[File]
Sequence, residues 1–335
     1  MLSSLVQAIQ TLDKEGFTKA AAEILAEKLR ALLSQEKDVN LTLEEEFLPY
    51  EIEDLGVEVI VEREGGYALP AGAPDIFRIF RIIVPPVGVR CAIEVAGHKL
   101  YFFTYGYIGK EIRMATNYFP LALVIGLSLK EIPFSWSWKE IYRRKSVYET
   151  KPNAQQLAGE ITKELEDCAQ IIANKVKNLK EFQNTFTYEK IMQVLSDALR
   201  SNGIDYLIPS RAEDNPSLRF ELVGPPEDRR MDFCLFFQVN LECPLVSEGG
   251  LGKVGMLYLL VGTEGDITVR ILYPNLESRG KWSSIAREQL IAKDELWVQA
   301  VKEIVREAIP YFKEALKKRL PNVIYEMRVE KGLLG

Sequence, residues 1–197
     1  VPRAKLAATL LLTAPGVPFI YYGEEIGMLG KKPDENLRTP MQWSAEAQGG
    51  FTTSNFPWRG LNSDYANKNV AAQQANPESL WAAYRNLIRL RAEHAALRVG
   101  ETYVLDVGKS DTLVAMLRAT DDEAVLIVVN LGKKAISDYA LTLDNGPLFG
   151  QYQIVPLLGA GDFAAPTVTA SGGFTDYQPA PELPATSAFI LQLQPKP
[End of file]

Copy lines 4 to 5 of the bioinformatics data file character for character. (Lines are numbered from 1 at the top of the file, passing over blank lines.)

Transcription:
   101  YFFTYGYIGK EIRMATNYFP LALVIGLSLK EIPFSWSWKE IYRRKSVYET
   151  KPNAQQLAGE ITKELEDCAQ IIANKVKNLK EFQNTFTYEK IMQVLSDALR